There are some benefits to growing dry, such as minimizing root-zone pathogens and, for some species, excessive growth may be inhibited. Regardless of these benefits, reducing the amount of water used to produce plants conserves water. This saves water resources regardless of the source, be it a municipal water system, surface water sources (i.e., pond) or a well. Growing dry is more challenging than it seems and a careful eye needs to catch plants before any damage occurs from wilting or excessive drying down. The use of sensor-based automated irrigation systems is the best way to grow on the drier side—plus, the automated system will also save labor.
We fertilize crops to make sure they appear healthy and marketable, however, it’s fairly common for us to over-fertilize crops out of an abundance of caution to make sure they look good. Many containerized greenhouse crops can be grown with less fertilizer than is recommended. For instance, it’s not uncommon to see rates ranging from 200 to 300 ppm nitrogen (N) for many vegetatively propagated spring bedding plants. This will certainly result in healthy-looking plants, but it also will increase the amount of fertilizer running out of the pots and down your drains. It may also require more growth-retarding chemicals to manage plant size.
Pictured: It’s common to see fertilizer recommendations of 200 to 300 ppm nitrogen when growing vegetatively propagated zonal geraniums, but is it needed? Providing 100 ppm nitrogen resulted in a healthy and marketable crop. Reducing fertilizer concentrations—especially nitrogen and phosphorous—can still produce healthy plants, and minimize excessive growth and unwanted fertilizer leaching and runoff.
Start reducing the amount of fertilizer applied to plants. The range of floriculture crops that can be finished with fertilizer concentrations between 100 to 150 ppm N is wide—from annual and perennial bedding plants to potted crops like mums and poinsettias. In fact, many bedding plants can be grown at even lower fertilizer concentrations (50 to 75 ppm N). Reducing fertilizer applications can tame excessive growth and reduce fertilizer losses from leaching and non-point irrigation.
When lowering fertilizer concentrations, use a fertilizer with a higher micronutrient package as the peat-light and boosted base formulations. Since all nutrients are tied to your N concentration, this will help avoid any micronutrient deficiencies that could occur.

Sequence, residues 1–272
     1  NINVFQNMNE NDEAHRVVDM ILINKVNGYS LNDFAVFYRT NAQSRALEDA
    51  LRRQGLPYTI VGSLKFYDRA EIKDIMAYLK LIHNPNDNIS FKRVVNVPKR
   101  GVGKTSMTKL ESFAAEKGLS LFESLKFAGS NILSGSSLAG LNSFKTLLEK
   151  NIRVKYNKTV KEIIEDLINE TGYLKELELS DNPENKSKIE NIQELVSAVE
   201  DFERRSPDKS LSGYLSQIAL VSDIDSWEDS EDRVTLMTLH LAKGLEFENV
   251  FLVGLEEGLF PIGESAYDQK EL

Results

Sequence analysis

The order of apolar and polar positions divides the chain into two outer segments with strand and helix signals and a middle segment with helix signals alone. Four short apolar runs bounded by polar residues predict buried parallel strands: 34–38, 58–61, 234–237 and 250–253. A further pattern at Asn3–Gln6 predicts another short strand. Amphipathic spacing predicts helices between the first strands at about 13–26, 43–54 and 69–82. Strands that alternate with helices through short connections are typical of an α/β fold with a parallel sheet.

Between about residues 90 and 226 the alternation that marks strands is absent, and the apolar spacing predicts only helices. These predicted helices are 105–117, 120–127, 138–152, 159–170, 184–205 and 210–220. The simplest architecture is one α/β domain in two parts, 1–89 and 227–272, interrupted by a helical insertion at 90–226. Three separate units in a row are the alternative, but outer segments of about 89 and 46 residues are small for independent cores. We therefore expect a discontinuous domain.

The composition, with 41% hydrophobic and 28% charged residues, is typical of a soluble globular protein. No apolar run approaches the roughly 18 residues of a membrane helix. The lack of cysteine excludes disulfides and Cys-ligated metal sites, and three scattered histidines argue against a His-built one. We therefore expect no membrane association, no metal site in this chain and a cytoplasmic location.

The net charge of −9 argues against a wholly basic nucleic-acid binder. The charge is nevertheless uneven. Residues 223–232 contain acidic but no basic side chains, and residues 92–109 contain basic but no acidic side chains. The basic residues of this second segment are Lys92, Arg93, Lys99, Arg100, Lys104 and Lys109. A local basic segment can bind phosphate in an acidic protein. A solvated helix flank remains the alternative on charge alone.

Plant growth regulators can’t make a bad grower good, but they can make a good grower great. Using PGRs doesn’t only offer opportunities to improve plant quality, they also can make crops more efficient with respect to space, cultural inputs and labor. Using anti-gibberellin (GA) PGRs helps produce plants that are proportional to the containers they’re grown in. But these more compact plants aren’t just aesthetically balanced, they’re also more space-efficient and can be grown in closer spacings, increasing the number of containers per unit area in the greenhouse. In addition to taking up less space, the smaller plants require less water and less fertilizer as compared to larger plants, saving additional inputs and resources.
Pictured: Instead of picking off the lower, yellow leaves and premature flowers by hand, plant growth regulators can be used to reduce leaf senescence and premature flowering … and labor, too.
Increasing efficiency is not only for PGRs—other PGRs, such as sprayable auxin (Advocate, Hortus IBA salts), ethephon (Collate, Florel), benzyladenine (BA; Configure) and BA+GA4+7 (Fresco, Fascination) can also be used to improve crop growth and quality while saving labor. Newer formulations of auxin can be applied as a foliar spray after cuttings have been stuck, reducing the need to dip cuttings. Or instead of removing yellowing leaves or flowers by hand on geraniums, BA+GA4+7 applied at the beginning of propagation can reduce lower-leaf yellowing, while ethephon sprayed once rooted cuttings are transplanted can inhibit flowers from developing prematurely. Pinching is used for many spring annuals to improve their appearance; growers can use BA to promote branching in lieu of labor-intensive pinching or shearing. While there are input and labor costs associated with using PGRs, they’re more than offset by the benefits they provide.
These strategies are sure to reduce labor and resource inputs into production, while maintaining and in some cases, increasing the number of plants we can grow. But these strategies also do more than increase the efficiency of crop production. In many of the instances, they also increase the quality of the finished plant material. Reduce inputs and improve quality? That sounds very efficient to me. GT
Christopher J. Currey (firstname.lastname@example.org) is an Associate Professor in the Department of Horticulture at Iowa State University.